ἀπομνημονευμ€των. Written memoirs are hardly referred to here, but rather oral comments, expositions, or accounts of the interpretations of the apostles and others of the first generation of Christians.223:1487
Adv. Hær. IV. 27. 1, where Irenæus mentions a “certain presbyter who had heard it from those who had seen the apostles,” &c. Who this presbyter was cannot be determined. Polycarp, Papias, and others have been suggested, but we have no grounds upon which to base a decision, though we may perhaps safely conclude that so prominent a man as Polycarp would hardly have been referred to in such an indefinite way; and Papias seems ruled out by the fact that the presbyter is here not made a hearer of the apostles themselves, while in V. 33. 4 Papias is expressly stated to have been a hearer of John,—undoubtedly in Irenæus mind the evangelist John (see above, Bk. III. chap. 39, note 4). Other anonymous authorities under the titles, “One superior to us,” “One before us,” &c., are quoted by Irenæus in Præf. §2, I. 13. 3, III. 17. 4, etc. See Routh, Rel. Sacræ, I. 45–68.223:1488
In Adv. Hær. IV. 6. 2, where he mentions Justin Martyr and quotes from his work Against Marcion (see Eusebius, Bk. IV. chap. 18), and also in Adv. Hær. V. 26. 2, where he mentions him again by name and quotes from some unknown work (but see above, ibid. note 15).223:1489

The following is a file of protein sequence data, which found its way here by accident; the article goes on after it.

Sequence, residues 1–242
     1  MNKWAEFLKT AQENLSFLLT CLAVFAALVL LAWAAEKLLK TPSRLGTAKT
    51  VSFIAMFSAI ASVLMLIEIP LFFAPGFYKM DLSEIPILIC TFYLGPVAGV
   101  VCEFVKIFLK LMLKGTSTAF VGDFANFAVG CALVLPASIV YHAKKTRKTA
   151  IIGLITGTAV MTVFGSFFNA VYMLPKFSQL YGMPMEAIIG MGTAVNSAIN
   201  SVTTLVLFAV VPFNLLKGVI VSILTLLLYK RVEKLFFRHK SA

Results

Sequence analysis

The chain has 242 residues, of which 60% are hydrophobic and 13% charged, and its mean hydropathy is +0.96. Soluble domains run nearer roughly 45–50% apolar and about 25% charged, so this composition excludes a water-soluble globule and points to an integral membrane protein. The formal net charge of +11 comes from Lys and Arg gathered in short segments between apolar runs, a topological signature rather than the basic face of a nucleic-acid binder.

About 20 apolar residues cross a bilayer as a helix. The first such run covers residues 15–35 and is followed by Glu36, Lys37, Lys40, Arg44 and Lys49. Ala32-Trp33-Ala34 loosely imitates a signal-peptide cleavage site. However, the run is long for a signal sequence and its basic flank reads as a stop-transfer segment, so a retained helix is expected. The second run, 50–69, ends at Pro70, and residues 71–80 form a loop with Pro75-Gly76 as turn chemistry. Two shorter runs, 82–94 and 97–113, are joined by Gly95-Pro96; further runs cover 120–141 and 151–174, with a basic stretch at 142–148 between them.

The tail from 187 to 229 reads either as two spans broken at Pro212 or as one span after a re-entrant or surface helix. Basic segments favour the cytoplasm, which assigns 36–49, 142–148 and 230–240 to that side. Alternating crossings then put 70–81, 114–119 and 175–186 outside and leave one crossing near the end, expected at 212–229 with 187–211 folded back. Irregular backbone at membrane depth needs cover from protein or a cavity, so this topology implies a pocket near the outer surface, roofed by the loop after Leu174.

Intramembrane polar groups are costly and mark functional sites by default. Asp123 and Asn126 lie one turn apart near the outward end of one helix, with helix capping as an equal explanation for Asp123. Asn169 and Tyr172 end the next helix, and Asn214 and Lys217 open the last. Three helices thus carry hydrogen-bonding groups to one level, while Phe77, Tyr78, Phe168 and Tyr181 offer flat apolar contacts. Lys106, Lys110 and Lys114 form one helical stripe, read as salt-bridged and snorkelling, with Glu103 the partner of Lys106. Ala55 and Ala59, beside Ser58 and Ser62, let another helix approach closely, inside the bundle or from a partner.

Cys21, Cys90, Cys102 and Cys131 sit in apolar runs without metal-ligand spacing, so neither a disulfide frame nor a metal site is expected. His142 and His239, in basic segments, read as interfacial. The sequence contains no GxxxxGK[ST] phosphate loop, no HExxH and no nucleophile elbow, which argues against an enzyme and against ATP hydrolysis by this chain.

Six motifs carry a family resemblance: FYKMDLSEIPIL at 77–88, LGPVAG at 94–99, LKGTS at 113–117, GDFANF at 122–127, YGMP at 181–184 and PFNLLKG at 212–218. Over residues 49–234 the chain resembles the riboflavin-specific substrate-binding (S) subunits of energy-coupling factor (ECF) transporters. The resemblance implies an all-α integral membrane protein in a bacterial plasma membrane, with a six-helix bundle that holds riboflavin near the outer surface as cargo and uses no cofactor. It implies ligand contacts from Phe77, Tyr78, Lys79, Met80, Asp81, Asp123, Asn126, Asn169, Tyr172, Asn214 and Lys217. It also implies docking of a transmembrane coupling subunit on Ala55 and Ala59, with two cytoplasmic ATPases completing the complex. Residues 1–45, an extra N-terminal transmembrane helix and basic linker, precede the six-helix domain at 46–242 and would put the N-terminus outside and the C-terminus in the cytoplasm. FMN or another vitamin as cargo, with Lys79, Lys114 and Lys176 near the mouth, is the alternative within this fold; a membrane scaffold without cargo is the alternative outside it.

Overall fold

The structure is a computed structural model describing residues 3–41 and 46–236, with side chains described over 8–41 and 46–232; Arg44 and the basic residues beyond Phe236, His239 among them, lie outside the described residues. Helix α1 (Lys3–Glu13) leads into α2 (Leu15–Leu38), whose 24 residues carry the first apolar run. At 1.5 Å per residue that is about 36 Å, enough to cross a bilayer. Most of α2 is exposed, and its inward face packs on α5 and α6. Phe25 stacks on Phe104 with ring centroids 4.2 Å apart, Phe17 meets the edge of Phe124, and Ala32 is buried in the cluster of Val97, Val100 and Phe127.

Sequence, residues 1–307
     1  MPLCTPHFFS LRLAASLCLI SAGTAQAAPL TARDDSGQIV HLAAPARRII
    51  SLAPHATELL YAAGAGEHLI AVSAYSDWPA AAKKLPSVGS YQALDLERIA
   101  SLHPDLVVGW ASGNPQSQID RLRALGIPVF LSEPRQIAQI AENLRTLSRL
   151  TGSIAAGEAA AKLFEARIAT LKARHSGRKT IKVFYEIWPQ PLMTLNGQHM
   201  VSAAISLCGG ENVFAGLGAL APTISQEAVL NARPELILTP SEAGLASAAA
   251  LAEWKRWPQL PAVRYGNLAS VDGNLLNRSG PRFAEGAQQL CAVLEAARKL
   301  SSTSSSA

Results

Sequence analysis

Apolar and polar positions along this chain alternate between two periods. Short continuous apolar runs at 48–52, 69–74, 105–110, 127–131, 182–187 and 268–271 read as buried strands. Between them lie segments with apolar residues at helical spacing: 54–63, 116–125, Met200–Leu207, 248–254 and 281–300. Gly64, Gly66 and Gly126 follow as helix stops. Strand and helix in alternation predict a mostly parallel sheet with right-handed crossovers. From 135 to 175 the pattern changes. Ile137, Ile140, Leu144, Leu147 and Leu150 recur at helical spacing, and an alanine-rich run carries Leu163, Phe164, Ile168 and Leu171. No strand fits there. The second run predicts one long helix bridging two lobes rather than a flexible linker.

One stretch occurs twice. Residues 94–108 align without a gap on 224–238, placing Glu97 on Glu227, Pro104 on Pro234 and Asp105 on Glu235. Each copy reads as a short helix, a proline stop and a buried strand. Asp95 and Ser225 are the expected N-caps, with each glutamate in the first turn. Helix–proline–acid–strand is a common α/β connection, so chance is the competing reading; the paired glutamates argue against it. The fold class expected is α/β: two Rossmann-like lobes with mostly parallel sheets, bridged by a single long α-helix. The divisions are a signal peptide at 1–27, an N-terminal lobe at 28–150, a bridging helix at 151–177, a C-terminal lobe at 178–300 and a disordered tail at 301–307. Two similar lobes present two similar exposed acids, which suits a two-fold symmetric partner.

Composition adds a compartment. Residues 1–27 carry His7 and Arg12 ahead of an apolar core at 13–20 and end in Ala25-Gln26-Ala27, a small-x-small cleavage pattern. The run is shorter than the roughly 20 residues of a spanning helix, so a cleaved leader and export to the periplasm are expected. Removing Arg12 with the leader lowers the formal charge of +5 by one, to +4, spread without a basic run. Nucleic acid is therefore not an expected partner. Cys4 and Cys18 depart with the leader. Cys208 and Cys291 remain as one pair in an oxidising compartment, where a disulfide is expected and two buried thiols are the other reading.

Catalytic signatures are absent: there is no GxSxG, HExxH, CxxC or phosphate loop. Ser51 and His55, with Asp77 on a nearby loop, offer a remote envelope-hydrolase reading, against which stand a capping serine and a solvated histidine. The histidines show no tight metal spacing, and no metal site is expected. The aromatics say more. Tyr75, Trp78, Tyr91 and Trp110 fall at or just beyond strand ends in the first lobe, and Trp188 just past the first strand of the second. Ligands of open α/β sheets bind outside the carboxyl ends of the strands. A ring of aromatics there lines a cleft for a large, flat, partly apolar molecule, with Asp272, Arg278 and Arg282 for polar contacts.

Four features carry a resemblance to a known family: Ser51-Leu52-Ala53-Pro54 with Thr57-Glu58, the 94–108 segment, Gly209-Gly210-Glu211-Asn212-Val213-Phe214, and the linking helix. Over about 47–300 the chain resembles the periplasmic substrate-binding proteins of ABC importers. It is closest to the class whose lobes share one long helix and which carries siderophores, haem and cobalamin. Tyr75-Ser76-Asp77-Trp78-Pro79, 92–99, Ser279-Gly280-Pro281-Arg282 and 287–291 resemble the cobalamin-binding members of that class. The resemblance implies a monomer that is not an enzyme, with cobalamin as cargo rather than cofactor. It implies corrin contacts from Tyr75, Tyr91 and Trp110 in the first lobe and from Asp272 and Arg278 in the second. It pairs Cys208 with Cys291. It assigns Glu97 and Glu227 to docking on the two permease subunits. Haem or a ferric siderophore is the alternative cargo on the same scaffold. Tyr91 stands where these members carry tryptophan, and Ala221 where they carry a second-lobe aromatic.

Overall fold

Irenæus nowhere mentions Ignatius by name, but in V. 28. 4 he quotes from his epistle to the Romans, chap. 4, under the formula, “A certain one of our people said, when he was condemned to the wild beasts.” It is interesting to note how diligently Eusebius had read the works of Irenæus, and extracted from them all that could contribute to his History.223:1490
Adv. Hær. I. 27. 4, III. 12. 12. This promise was apparently never fulfilled, as we hear nothing of the work from any of Irenæus successors. But in Bk. IV. chap. 25 Eusebius speaks of Irenæus as one of those who had written against Marcion, whether in this referring to his special work promised here, or only to his general work Adv. Hær., we cannot tell.223:1491 223:1492 223:1493
Isa. vii. 14. The original Hebrew has עַלְמָה, which means simply a “young woman,” not distinctively a “virgin.” The LXX, followed by Matt. i. 23, wrongly translated by παρθένος, “virgin” (cf. Toys Quotations in the New Testament, p. 1 sqq., and the various commentaries on Matthew). Theodotion and Aquila translated the Hebrew word by νεᾶνις, which is the correct rendering, in spite of what Irenæus says. The complete dependence of the Fathers upon the LXX, and their consequent errors as to the meaning of the original, are well illustrated in this case (cf. also Justins Dial. chap. 71).223:1494
This is the earliest direct reference to the translations of Aquila and Theodotion, though Hermas used the version of the latter, as pointed out by Hort (see above, Bk. III. chap. 3, note 23). Upon the two versions, see Bk. VI. chap. 16, notes 3 and 5.223:1495 223:1496